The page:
The Chief Clinical Officer for the HSE, says handshaking might become a thing of the past in life after the Covid-19 pandemic.
When asked about his view of life after Covid, Dr Colm Henry told RTÉ Radio 1's This Week, he doesn't expect anyone believes life will go back to "exactly where it was" before the pandemic began.
"Whatever about the handshake, which may be beyond resuscitation as a social exercise," Dr Henry said.
"I think hugging will certainly come back, but I think at this stage there's much more hope than despair looking at the real-world evidence of vaccines."
Dr Henry said that countries, where the vaccines have been rolled out, are already seeing huge drops in hospitalisation, serious illness and death in the "most vulnerable groups".
He said this justifies the Irish decision to priorities these groups for vaccination first.
He said: "At this point in time we're seeing real benefits for health care workers, real benefits for frontline workers in hospitals, real benefits for residents in residential care settings, which translates right through to safer hospitals, safer health care settings and reduced illness, hospitalisation and death in older people."
A senior member of the National Public Health Emergency Team (NPHET) says he expects there to be an easing of Covid-19 restrictions from April or May.
A continuation of Level 5 restrictions will last until at least April 5, while any further easing of restrictions will need a further three to four week period to allow for assessment of the impact of changes.
Professor Philip Nolan, who chairs NPHET's modelling group, says he expects widespread vaccination will be underway in the summer months.
As of Wednesday, 254,948 first doses have been administered while 136,407 second doses have been given.
Professor Nolan told Newstalk restrictions can be relaxed once more people are vaccinated against the virus.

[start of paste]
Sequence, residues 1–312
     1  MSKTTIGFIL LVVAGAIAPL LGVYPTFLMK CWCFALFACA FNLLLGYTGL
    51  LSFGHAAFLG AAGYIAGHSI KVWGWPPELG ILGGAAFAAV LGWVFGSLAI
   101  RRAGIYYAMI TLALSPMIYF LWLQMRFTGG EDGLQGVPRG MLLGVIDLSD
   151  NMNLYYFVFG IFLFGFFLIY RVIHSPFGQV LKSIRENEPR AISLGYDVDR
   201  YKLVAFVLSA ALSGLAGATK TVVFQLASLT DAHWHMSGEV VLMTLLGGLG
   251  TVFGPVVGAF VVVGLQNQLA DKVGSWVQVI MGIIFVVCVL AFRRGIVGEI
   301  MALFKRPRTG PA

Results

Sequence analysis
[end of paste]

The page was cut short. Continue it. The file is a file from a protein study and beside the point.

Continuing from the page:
He said: "I anticipate there be some progressive easing of restrictions over time from April, May onwards.
"There'll probably be a point at which we have quite wide-spread vaccinations that many of the restrictions can fall away very quickly, particularly if vaccination is highly effective, as we hope it might be, in interrupting transmission."
Meanwhile, a public health expert says new variants of Covid-19 will come to our country very swiftly unless we take action to prevent it.
It comes as 738 new cases of the virus have been recorded here and 13 more people have died.
There are 551 Covid patients in hospital this morning and 132 in ICU.
New laws proposing mandatory hotel quarantine for people arriving from high-risk countries won't come into effect for another week or two.
Professor Anthony Staines of Dublin City University (DCU) told Newstalk the Government's response is too slow.
"The Government is bringing in mandatory hotel quarantining but at a very leisurely pace, and from a very restricted number of countries," Prof Staines said.
"We see these new variants of concern are being found everywhere, so for example there was a new variant of concern identified last week and it was found on the same day in Nigeria and the United Kingdom.
"We don't know where it came from."
This weekend marks a year since the first case of Covid-19 in the Republic and the deputy chief medical officer, Dr Ronan Glynn, says the country is now in a much better place.
Dr Glynn says the trends are heading in the right direction and is urging people to keep up their efforts to suppress the virus.
"I'm very hopeful that if we can continue to suppress the case numbers down through March that we will be able to give people much greater levels of certainty about the spring and summer ahead by the end of March.
"But it is all contingent on us managing to keep things under control over the coming weeks in particular."